Electronic Health Record (EHR)/Electronic Medical Record (EMR) is the most commonly used term for software which provides functionality to store, access and use medical information of patients. EHRs (or EMRs) reduce paper work of physicians and helps them to concentrate more on their patients. Many hospitals and clinics prefer EHRs over paper records to store patient information and medical data. EHRs allows physicians to access patient information and medical history anytime and update new information easily.

EHR was introduced first around the 1960s and has evolved with time. Initially many physicians found it difficult to get used to EHRs as they were accustomed to the paper medium. It took a lot time to make them realize and understand the importance of EHRs. In the next two decades, more features and information were added to EHRs to improve patient care. With time, the EHR software became complex but also more user-friendly to aid physicians.

In the 70s and 80s, many capabilities were added to EHRs and its development continued. Academic and research institutions did a lot of research on EHRs and perfected them to add more features that would allow them to be useful in specialty practices as well as in other medical disciplines. This was the time when the perspective of physicians really changed towards EHRs.

Electronic Health Records The Evolution of EHRs

In the 90’s, the demand and use of EHRs increased significantly as the benefits to patients and physicians became more obvious. EHRs became even more complex due to technological advances but it also became easier to learn and implement them. More and more physicians and clinicians began making use of EHR systems. HIPAA (Health Insurance Portability and Accountability Act) was introduced in 1996 by the United States Congress. HIPAA consists of rules and regulations in order to keep patient information secure. Rules and regulations of HIPAA made significant changes in EHR systems to keep patient information hidden from the outside world.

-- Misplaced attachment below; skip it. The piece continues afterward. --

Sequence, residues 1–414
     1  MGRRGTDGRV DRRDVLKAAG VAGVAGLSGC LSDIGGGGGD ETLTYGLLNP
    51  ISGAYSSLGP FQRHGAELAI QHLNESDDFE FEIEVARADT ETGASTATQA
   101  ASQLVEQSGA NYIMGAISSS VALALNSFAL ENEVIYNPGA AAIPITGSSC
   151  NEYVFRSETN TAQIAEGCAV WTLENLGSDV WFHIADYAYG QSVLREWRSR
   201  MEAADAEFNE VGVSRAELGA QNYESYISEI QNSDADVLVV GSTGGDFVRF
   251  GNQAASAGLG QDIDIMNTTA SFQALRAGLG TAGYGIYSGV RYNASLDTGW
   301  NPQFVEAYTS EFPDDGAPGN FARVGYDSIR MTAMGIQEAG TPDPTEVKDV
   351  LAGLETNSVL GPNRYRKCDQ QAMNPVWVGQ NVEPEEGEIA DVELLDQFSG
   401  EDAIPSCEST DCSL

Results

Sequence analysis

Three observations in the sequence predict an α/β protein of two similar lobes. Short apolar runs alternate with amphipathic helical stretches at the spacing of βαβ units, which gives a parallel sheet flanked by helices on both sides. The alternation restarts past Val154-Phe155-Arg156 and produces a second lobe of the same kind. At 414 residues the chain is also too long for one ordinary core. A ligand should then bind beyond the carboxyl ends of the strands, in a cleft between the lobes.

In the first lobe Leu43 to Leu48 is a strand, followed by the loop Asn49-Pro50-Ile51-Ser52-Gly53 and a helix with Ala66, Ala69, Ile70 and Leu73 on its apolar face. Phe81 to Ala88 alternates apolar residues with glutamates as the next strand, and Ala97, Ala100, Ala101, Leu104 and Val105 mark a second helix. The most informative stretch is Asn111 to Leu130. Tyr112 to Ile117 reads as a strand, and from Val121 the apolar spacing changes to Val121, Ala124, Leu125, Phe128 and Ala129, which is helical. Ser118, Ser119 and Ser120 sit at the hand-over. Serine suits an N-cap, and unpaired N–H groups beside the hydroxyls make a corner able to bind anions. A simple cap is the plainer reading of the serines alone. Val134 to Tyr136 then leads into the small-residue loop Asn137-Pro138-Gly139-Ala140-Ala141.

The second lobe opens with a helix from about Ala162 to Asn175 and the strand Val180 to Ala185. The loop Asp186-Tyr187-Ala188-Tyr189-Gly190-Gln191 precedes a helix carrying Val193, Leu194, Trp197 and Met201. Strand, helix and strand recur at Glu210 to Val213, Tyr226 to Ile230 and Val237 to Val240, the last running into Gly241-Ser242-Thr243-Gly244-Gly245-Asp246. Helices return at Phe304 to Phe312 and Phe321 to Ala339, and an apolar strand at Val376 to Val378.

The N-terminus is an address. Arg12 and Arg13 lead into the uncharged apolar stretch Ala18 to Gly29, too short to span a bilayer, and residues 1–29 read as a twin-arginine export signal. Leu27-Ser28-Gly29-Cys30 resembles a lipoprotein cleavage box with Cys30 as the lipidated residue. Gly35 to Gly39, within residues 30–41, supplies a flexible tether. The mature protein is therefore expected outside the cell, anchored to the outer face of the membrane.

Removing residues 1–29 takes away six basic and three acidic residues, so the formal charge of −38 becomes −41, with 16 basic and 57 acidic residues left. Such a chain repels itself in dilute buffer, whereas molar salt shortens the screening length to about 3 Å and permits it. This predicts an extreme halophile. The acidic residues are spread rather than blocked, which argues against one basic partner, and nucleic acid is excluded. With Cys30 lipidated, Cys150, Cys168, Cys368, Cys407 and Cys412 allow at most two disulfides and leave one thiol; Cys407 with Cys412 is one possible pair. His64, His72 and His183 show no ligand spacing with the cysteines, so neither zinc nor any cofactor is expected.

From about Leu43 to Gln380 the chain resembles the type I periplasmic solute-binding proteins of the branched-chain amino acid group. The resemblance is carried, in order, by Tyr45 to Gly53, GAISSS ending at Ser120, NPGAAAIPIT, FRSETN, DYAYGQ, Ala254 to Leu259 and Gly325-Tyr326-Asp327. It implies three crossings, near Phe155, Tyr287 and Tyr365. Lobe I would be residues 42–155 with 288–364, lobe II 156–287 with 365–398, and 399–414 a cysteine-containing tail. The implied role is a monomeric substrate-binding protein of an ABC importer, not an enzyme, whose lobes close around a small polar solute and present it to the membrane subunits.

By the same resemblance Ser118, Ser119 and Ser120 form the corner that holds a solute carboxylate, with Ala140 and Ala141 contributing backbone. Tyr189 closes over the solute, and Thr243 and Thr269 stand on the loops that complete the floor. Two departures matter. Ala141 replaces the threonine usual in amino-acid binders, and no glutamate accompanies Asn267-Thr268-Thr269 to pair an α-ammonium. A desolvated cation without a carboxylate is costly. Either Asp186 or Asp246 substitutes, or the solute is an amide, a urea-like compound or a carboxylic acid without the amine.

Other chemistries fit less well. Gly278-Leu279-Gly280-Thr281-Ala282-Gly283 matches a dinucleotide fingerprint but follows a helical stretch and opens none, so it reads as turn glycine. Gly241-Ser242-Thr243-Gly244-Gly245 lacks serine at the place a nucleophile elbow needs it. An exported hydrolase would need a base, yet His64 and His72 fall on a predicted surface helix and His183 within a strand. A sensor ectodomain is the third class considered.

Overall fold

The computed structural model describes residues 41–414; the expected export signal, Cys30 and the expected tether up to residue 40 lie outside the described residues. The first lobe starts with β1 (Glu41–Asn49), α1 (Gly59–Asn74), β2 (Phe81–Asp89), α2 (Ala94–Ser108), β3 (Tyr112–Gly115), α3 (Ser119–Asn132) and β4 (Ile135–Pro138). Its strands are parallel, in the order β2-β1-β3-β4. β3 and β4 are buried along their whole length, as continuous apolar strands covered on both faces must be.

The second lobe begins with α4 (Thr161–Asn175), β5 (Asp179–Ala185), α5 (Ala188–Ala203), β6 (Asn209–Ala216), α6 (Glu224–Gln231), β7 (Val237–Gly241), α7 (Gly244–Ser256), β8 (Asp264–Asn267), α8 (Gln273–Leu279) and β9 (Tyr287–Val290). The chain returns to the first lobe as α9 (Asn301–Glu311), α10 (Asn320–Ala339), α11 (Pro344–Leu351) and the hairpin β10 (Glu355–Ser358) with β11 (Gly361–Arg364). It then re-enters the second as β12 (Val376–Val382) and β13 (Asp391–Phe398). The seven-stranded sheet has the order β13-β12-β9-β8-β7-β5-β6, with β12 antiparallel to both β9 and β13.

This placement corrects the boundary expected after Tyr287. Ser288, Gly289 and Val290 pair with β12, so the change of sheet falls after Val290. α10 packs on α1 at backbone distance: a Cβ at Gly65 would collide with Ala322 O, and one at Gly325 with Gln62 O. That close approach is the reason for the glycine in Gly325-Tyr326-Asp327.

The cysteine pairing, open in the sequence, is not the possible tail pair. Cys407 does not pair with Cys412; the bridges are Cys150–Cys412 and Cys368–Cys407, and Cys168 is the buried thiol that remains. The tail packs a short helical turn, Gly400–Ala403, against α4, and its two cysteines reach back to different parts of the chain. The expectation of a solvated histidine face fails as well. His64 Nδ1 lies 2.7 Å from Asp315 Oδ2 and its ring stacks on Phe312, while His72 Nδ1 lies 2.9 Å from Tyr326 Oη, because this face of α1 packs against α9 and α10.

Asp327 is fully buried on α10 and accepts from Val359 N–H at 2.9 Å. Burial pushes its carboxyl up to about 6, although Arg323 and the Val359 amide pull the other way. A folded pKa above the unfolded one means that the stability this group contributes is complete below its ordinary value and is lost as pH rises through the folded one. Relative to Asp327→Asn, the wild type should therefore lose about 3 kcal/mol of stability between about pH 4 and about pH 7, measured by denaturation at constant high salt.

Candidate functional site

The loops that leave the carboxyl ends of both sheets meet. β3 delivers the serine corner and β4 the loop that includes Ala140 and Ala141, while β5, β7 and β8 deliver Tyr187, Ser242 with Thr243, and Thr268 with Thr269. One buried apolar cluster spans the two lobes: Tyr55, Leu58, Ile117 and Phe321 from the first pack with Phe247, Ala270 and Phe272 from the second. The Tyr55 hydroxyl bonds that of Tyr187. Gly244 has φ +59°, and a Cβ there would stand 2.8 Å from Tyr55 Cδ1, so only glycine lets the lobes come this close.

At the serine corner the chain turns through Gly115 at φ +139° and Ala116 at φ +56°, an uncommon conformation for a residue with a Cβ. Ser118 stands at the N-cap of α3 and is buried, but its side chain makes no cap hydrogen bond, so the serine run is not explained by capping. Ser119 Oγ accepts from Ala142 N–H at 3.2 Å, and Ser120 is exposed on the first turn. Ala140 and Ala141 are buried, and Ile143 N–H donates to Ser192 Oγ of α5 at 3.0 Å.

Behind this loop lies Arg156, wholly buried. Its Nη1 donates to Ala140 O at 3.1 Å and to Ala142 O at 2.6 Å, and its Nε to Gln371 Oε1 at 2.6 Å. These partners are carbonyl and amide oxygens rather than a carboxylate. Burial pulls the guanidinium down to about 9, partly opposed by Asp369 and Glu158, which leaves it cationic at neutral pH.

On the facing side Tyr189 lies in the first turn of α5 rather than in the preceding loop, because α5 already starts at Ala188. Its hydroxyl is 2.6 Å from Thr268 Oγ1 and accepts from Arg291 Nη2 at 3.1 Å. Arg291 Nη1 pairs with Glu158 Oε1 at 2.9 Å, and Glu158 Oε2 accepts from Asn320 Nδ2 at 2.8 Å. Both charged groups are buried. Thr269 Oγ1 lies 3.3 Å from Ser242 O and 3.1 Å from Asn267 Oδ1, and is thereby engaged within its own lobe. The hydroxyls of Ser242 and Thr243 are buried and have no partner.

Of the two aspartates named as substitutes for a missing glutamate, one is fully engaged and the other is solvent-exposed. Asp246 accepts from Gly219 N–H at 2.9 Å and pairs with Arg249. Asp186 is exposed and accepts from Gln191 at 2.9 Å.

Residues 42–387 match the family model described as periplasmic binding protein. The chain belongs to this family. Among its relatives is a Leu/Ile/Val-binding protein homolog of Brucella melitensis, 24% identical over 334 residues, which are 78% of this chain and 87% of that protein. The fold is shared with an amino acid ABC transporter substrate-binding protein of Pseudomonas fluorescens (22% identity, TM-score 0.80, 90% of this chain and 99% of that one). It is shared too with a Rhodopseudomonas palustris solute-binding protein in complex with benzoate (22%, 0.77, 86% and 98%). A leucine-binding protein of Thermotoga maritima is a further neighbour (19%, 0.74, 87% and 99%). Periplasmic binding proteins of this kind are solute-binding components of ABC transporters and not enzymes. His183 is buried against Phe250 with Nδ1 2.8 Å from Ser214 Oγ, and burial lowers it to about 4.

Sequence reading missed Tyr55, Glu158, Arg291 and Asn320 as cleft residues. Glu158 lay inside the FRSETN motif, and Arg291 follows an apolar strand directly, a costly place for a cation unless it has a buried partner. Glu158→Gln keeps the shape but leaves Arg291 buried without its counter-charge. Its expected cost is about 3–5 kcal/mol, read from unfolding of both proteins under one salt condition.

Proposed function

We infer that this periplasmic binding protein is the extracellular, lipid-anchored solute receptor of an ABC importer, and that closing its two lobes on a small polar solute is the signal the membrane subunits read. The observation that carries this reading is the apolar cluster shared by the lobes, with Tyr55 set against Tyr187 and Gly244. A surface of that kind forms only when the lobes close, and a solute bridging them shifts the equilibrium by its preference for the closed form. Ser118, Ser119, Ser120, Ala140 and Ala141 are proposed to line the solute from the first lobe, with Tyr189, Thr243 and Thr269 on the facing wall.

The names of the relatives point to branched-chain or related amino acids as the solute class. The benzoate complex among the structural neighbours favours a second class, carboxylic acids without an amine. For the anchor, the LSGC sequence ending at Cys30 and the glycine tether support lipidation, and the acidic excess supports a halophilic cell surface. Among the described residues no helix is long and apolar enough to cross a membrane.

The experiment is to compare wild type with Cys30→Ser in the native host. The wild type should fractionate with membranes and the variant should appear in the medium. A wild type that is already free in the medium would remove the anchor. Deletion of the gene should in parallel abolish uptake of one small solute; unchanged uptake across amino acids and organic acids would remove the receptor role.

In the early 2000s, technologies such as cloud, app-enabled smartphones and social networking were non-existent. But still many of the physicians and clinicians adopted EHRs. To protect patient information or patient privacy, the HIPAA Privacy rule was passed in 2000. This rule prohibits unauthorized disclosure of PHI i.e. Protected Health Information held by covered entities.

In 2011, the popularity of mobile devices increased greatly and tablets slowly started replacing computers. Thus, began the era of mobile apps. Many physicians now preferred mobile and tablets over laptops and computers. As a result of this, many vendors started to develop EHR systems for tablets and phones.

EHR has now become necessary in most medical practices, hospitals and clinics. A few of them though still prefer paper charts. The future of EHRs though hangs in the balance because of HIPAA and the approach of physicians towards it. However, advances in technology will only improve the EHR systems and make them more acceptable to stakeholders.

(Photo: Flickr)

About the Author:

 The Evolution of EHRs
Tushar works in Strategic Account Management at e-Zest. A Master in Business Management with specialization in Marketing. His hobbies include playing cricket and watching movies and and is passionate about Automobiles and Gadgets.

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